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Originally published June 12, 2014 at 8:09 PM | Page modified June 13, 2014 at 6:04 AM

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Marshawn Lynch could be going down a risky route with the Seahawks

Does Marshawn Lynch deserve more money? Absolutely. But Lynch won’t be successful trying to force the Seahawks into a new deal by skipping voluntary workouts (as usual), missing next week’s mandatory three-day session and hinting at retirement.


Times staff columnist

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The happy-go-lucky portion of the Seahawks’ championship offseason is over now. Marshawn Lynch is reportedly upset and seeking a new contract. And it doesn’t take the New Orleans Saints to fear what happens when Beast Mode makes a run for the money.

He’s threatening to skip a mandatory minicamp next week, which could result in a fine of about $70,000. There are reports that he could just retire if the Seahawks don’t meet his demands. It’s impossible to believe he would exit the game at age 28, but when it comes to the eccentric Lynch, you should proceed into the unknown with caution. He’s the ultimate wild card, always.

On the other hand, the Seahawks built a dominant team with shrewd and cutthroat business decisions. Two years ago, they made Lynch one of the five highest-paid running backs in the NFL, signing him to a four-year, $30 million contract. Lynch is only about to enter the third year of that deal. The organization is adamant about not setting a precedent of renegotiating contracts this early, especially under pressure. And that’s a smart way to manage the NFL’s hard salary cap.

It’s also hypocritical because, in this league of partially-guaranteed contracts, the system allows the team to tear up contracts whenever they want to, but when a player wants to do the same, the message is that a deal is binding.

When you think about it that way, it’s understandable that Lynch would request a new deal. The Seahawks were quite generous in giving him that $30 million contract in 2012 because, at that time, Lynch had posted just one 1,000-yard season in Seattle, and, really, the running back had performed at an elite level for only half a season. Now, though, Lynch is the most important offensive weapon on a Super Bowl-winning team.

Over the past two seasons, he has had the best two years of his career, amassing 2,847 rushing yards (1,423.5 yards per season) and 23 touchdowns in the regular season. And in five postseason games since he signed that contract, he has averaged 93.2 rushing yards, 4.6 yards per carry and scored six touchdowns.

Does he deserve more money? Absolutely, he can make that claim. And with all the chatter about the Seahawks cutting Lynch after next season or needing him to take a pay cut, he’s right to explore getting more money while he has the leverage of being the smash-mouth inspiration of a team aiming to win back-to-back championships.

But Lynch won’t be successful trying to force the Seahawks into a new deal by skipping voluntary workouts (as usual), missing next week’s mandatory three-day session and hinting at retirement. If Seahawks general manager John Schneider responded to Lynch’s fit by caving to his demands, the rest of the team could take that as an effective way to renegotiate. And that would go against the team’s all-in, bring-it-every-day culture.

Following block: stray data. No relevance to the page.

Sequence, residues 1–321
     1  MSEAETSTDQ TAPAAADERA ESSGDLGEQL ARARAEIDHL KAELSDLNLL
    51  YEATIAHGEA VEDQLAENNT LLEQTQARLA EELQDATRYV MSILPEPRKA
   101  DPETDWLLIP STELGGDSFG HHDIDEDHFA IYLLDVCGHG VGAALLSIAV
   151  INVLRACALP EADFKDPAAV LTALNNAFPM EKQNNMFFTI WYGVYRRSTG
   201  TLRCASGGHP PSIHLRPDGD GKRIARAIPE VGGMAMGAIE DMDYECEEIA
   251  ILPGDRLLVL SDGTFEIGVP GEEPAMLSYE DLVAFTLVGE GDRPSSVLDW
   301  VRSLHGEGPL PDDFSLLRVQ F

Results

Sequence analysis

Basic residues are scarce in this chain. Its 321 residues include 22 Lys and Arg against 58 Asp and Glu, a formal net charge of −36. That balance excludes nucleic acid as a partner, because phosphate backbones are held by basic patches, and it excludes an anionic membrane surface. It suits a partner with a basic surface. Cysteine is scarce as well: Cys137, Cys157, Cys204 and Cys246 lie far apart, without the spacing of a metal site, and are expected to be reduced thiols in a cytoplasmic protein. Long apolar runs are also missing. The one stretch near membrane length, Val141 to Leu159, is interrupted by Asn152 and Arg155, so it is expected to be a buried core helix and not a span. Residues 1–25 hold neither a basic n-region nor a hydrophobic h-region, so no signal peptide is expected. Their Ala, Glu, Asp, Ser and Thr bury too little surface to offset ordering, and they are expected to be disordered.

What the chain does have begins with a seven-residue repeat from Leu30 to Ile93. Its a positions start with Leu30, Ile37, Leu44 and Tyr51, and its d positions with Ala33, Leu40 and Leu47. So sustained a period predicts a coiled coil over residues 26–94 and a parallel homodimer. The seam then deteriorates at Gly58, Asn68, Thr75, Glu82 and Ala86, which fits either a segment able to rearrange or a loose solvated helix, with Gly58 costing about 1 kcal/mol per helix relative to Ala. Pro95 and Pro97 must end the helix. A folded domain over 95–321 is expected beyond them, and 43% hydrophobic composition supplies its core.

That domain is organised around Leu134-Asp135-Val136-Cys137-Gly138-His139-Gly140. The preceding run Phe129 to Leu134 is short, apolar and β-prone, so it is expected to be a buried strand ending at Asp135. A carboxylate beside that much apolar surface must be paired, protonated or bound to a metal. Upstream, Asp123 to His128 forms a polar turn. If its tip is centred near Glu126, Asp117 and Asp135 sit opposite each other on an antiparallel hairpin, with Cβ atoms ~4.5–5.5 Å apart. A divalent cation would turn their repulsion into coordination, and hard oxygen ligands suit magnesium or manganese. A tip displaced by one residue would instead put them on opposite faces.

Lynch has made his own rules because he can. He’s simply that good. Since joining the Seahawks four years ago, he has matured, reduced the off-field incidents and become one of the best players in the NFL. As a result, the Seahawks have allowed him freedom and space and embraced his many quirks.

“He has his own things going on,’’ center Max Unger said of Lynch’s probable holdout. “We’d love to have him, but by no means would it change my view of him. Not at all. The guy has more than proven himself and shown he’s capable of coming to training camp in shape. As long as he does his thing on Sunday, I’ve got no problems with him at all.”

It has been an ideal marriage. But this week’s ruckus is a clear sign that we’re nearing the end. This is the beginning of Lynch’s final chapter as a Seahawk. And it doesn’t figure to be a happy, graceful, storybook ending.

How long will this chapter be? Well, I don’t think it has to be as short as speculated. If Lynch comes back this season and performs like he did in 2012 (1,590 yards, 12 touchdowns), then he’ll get both the $5.5 million he’s scheduled to make in 2014 and the $7.5 mil he could earn in 2015. And if he doesn’t get all that money, he’ll have a new contract that gives him the financial security he wants.

There’s no certainty about how Lynch’s future will play out. In fact, he’s still in complete control. His plea for a new contract is being portrayed almost as a desperate attempt to stave off the inevitable. But the Seahawks’ master plan should be more flexible than that, and Lynch’s performance in 2014 will dictate what happens.

Right now, the best solution is for Lynch to come to minicamp in good faith next week while emphasizing that he wants a more certain future. He won’t get a new contract immediately, but the Seahawks appreciate his talent and toughness, and if there’s a way to give him more money in a deal that is structured to be cap-friendly, Schnei­der would be open to exploring it. He doesn’t rule out anything.

But one thing is certain: If Lynch tries to stiff-arm his way to extra cash, he’ll find his franchise is harder to budge than Tracy Porter, his infamous Beast Quake victim.

I’m not sure Lynch knows any other way, however. If that’s the case, we should brace for an ugly ending to a great partnership.

Jerry Brewer: 206-464-2277

or jbrewer@seattletimes.com.

On Twitter: @JerryBrewer



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